This is AI generated summarization, which may have errors. For context, always refer to the full article.
MANILA, Philippines – Executive Secretary Lucas Bersamin on Tuesday, October 25, signed a memorandum circular that expands the powers of interim heads of government departments and offices, allowing them to enter into new contracts and projects.
Officers in charge (OICs), government-owned and controlled corporations (GOCCs), and free port and special economic zone authorities will also be allowed to disburse extraordinary funds.
Memorandum Circular No. 9 revoked Item 4 of an earlier circular, MC No. 3, which was signed by Bersamin’s predecessor, Victor Rodriguez.
Several agencies in President Ferdinand Marcos Jr.’s administration are headed only by interim officials – most notably the health and defense departments.
As of the release of MC 9, the Department of the Health (DOH), which spearheads efforts to address the COVID-19 pandemic, is headed by Undersecretary Maria Rosario Vergeire, who is its OIC. The Department of Defense, meanwhile, is headed by Senior Undersecretary Jose Faustino Jr. as its OIC. Faustino, however, is expected to become the fulltime head and hold a secretary rank by November 13, or a year after his retirement as Armed Forces of the Philippines chief.
The decision to expand the powers of OICs was made to “ensure continuity in government operations and delivery of services to the public,” according to MC 9, which was released via the Official Gazette.
Bersamin’s memorandum also notes the Marcos administration’s 8-Point Socioeconomic Agenda and its Medium-Term Fiscal Framework in explaining the decision to expand the powers of interim officials.
MC No. 3, signed in late July 2022, extended the terms of OICs of government departments, agencies, bureaus, and offices, as well as non-Career Executive Service (CES) officials in CES posts until December 31, 2022, or until a fulltime appointment is made. MC 3 built on MC 1, which in turn declared vacant posts in government while granting OICs and non-CESO in CES posts hold-over capacities until July 31, 2022.
Rodriguez’ MC 3, however, barred OICs, interim officials of GOCCs, and temporary heads of free port and special economic zone authorities, from entering into new contracts or projects, as well as disburse extraordinary funds. Temporary heads of these agencies, corporations, and zones could only enter into contracts and projects if they have to do with food, transportation, energy, or if they have the authority of the President.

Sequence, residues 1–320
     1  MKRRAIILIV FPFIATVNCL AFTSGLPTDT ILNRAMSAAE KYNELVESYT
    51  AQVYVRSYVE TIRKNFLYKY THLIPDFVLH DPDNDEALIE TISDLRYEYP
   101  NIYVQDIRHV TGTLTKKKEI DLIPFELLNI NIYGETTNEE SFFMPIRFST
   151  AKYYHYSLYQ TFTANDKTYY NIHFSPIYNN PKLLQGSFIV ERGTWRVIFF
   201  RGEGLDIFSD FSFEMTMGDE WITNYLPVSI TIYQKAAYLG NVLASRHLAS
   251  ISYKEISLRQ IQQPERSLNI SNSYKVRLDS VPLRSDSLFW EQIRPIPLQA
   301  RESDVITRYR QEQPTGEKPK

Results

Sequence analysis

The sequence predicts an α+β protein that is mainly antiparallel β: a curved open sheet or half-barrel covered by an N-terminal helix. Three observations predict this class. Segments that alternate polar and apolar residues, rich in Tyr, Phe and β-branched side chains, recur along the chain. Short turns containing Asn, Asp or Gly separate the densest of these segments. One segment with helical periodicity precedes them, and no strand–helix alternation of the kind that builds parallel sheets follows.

MC 9 only revokes the specific Item in MC 4 that bars OICs and other specific officials from entering into contracts. It also reminds government officials to “strictly comply” with Republic Act 9184 or the law that covers government procurement.
“Extraordinary expenses” are accorded to officials of specific ranks. In the 2022 General Appropriations Act (GAA), a department secretary gets P264,000 annually as “extraordinary expenses,” while a department undersecretary gets P108,000. Both department secretaries and undersecretaries, meanwhile, are allocated P90,000 for annual miscellaneous expenses.
Extraordinary and miscellaneous expenses cover meetings, official entertainment, public relations, membership in government associations, Integrated Bar of the Philippines membership, subscription to “professional technical journals and informative magazines, library books and materials,” office supplies, and “other similar expenses not supported by the regular budget allocation,” among other things.
The lack of a fulltime DOH chief has been an issue hanging over Marcos’ head. But it’s also an issue he has sought to minimize.
In an October 20 interview, Marcos said he would appoint a DOH secretary when the situation – referring to the pandemic – is “normalized” or when, he said, COVID-19 is “no longer as an emergency but something that we will have to manage forever.”
Marcos’ recent appointment of a former top cop as undersecretary of the health department has also drawn flack from medical workers groups. – Rappler.com